Arnold, Constable & Co. New York City, New York


Arnold Constable was a shopping fixture in New York
and occupied this location on Fifth Avenue for 60 years.
The store, one of America's oldest, expanded
when a new Woolworth store replaced the
Union League Club next door.



The construction of the 40-story Chase Tower behind
the store gave Arnold Constable the opportunity to
double its size by expanding into the new building.

Arnold Constable & Company (1825)
Fifth Avenue at 40th Street
New York City,
New York

MUrray Hill 5-2300





Street Floor
14 Kt. Shop • Jewelry Shop • Handbag Shop • Glove Shop • Hosiery Shop • Neckwear • Blouse Pavilion • Sweater Shed • Pants Parlor • Hat Bar • The Wiggery • Chicatique • Fur and Games Shop • In-Circle Shoe Shop • The Scene • Aisle of Beauty • Lingerium • Sleep Shop • Stationery Shop • Gift Shop • Domestic Corner • Blankets • Towels • Watch Repair (39th Street Entrance) • Monogram Shop
Men's Shop Men's Furnishings • Men's Sportswear • Men's Gifts • Cecil Gee Shop

Second Floor
Men's Shop Men's Clothing • Men's Shoes • Luggage
Fashion Shoe Salon • Casual Bar • Fabritique
Children's Shops • Girls' Shops • Boys' Shops • The Little Studio
Louis XV Grand Salon

Third Floor
Designer's Circle • Fashion Salon Dresses • The International Knit Boutique • Miss Arnold Dresses • Miss Arnold Women's Dresses • Sportswear Shop. • The Pace-Setter Shop • Town and Country Shop Cavendish Shop • Bridal Salon

Fourth Floor
Leisure Shop • Robes • Corset Salon • Beach Shop • Young Shoes • Miss Fifth Ave., Jr. • Young Contemporary Sportswear

Fifth Floor
Town and Country Coats • Rain and Shine Coats • Moderate-Price Coats • Moderate-Price Suits • Fashion Salon Coats • Fashion Salon Suits • Rug Shop • Draperies • Slip Covers • Bedcoverings

Sixth Floor
Fur Salon • Fur Galerie • Beauty Salon • Gift Shop • China and Porcelain • Lamp Shop • Bar Shop • Occasional Furniture • Credit Office • General Offices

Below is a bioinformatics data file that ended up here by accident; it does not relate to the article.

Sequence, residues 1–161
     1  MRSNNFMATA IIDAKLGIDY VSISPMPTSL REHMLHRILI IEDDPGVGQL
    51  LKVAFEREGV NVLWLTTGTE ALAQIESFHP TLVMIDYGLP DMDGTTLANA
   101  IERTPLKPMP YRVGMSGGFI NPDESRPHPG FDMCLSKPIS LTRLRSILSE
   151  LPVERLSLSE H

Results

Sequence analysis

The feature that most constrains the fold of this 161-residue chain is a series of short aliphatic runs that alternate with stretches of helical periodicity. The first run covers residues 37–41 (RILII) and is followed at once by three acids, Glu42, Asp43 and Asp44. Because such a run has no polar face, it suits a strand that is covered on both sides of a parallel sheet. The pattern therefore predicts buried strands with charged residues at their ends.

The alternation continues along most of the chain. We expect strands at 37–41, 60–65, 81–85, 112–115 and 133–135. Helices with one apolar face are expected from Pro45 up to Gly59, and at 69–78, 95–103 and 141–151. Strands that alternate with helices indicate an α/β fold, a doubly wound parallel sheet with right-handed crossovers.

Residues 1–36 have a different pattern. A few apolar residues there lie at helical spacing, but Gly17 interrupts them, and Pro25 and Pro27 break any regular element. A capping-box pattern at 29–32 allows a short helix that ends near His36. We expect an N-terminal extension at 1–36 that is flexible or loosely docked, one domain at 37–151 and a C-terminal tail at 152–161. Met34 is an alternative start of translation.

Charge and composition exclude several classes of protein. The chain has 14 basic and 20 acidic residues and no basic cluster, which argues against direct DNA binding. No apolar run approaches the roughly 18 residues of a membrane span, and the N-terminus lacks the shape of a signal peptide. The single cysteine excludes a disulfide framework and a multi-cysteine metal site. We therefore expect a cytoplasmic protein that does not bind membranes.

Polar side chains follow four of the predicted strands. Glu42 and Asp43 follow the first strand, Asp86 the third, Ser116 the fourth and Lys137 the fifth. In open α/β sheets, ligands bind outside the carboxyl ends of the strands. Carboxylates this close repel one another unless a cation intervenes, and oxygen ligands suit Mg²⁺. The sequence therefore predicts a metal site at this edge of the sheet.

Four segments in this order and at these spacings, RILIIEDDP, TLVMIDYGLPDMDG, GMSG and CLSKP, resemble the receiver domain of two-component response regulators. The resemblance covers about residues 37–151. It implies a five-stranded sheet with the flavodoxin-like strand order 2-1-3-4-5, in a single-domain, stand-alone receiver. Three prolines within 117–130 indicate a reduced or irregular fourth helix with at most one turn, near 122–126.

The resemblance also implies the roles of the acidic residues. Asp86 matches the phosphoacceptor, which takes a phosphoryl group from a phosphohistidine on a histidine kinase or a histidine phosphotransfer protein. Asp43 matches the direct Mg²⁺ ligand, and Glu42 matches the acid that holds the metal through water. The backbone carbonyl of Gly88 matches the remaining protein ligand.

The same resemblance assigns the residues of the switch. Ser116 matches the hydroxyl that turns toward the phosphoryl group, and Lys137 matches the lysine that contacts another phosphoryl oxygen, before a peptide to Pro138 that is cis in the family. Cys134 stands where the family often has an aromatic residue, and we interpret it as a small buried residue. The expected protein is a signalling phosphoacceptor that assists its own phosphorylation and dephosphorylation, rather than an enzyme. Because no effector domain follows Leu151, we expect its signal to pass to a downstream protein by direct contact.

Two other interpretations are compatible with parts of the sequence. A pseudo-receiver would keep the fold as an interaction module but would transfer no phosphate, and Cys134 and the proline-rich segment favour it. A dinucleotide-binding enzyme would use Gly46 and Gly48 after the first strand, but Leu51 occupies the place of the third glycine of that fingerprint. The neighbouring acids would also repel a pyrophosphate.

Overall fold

(250,000 s.f.)







New Rochelle
466 North Avenue
Decenber 5, 1937

Hempstead
220 Fulton Avenue
March 17, 1940
60,000 s.f.

Hackensack, New Jersey
Main & Passaic Streets
November 14, 1946
80,000 s.f.

Manhasset
1400 Northern Boulevard
December 1, 1952
100,000 s.f.

Trenton, New Jersey
November 29, 1954
90,000 s.f.
The Arnolton


New Brunswick, New Jersey
Livingston Ave. & Kirkpatrick St.
November 19, 1956
77,000 s.f.


West Orange, New Jersey
Essex Green Shopping Center
October 13, 1960
100,000 s.f.
The Arnolton Room


Upper Darby, Pennsylvania
55-61 S. 69th Street
August 1, 1962
80,000 s.f.





Arnold Constable & Company was America’s oldest department store, technically founded in 1825.  The store itself used 1827 as its founding date, no doubt due to its variable early history, and celebrated its centennial in 1927.  Aaron Arnold (1794-1876), a native of the Isle of Wight in southern England, came to America with his wife in 1823.  Upon landing in Philadelphia, he began to study the advantages of doing business in various cities along the east coast of America, and decided to settle in New York, where he opened a 17’ X 74’ dry goods store at 91 Pine Street.




Within about a year, he relocated to larger quarters at 156 Front Street, but even this location had to be abandoned in 1827, when he moved the business to the corner of Canal and Mercer streets, and took his cousin George A. Hearn (who had immigrated to Philadelphia two years before Arnold) into partnership.  At this time, the store was known as Arnold & Hearn; when George Hearn’s son James (1810-1886)  joined the firm in 1834 it became known as Arnold, Hearn & Company, until the Hearns parted company with Arnold in 1842 to found their own store, ultimately known as James A. Hearn & Son.

Six years earlier, James Mansell Constable (1812-1900), a native of Sussex, England, arrived in the United States, and after a few years of traveling through western New York, called on Arnold in New York and joined the firm, known after the 1842 dissolution with the Hearns, as A. Arnold & Co.  As fate would have it, Constable courted, and then married Arnold’s daughter Henrietta in 1844.  He became a partner in by 1853, when the store took its ultimate name, Arnold Constable & Company.  Aaron Arnold’s only son Richard became a partner at this time as well.




Thus followed a period of great success in which Arnold Constable became known as one of New York’s finest stores, catering to the carriage trade.  In 1857, it moved to the large 5-story “Marble House,” built for it on the block bounded by Canal, Howard, and Mercer Streets, which held the firm’s retail business on its first two floors, and the wholesale departments on those above.  During this time, Arnold Constable & Company introduced a true retail innovation when it switched from the then-standard twice-annual account billing to a monthly system, which after it was adopted, improved the cash flow of the retail business to a great degree.